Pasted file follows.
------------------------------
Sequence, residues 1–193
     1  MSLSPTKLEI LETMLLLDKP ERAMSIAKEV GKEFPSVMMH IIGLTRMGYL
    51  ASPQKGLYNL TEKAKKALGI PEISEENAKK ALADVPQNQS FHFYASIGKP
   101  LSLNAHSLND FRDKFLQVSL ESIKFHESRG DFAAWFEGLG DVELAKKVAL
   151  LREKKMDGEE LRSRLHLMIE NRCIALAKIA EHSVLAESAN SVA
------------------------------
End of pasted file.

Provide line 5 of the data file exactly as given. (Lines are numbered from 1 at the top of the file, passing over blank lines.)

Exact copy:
   151  LREKKMDGEE LRSRLHLMIE NRCIALAKIA EHSVLAESAN SVA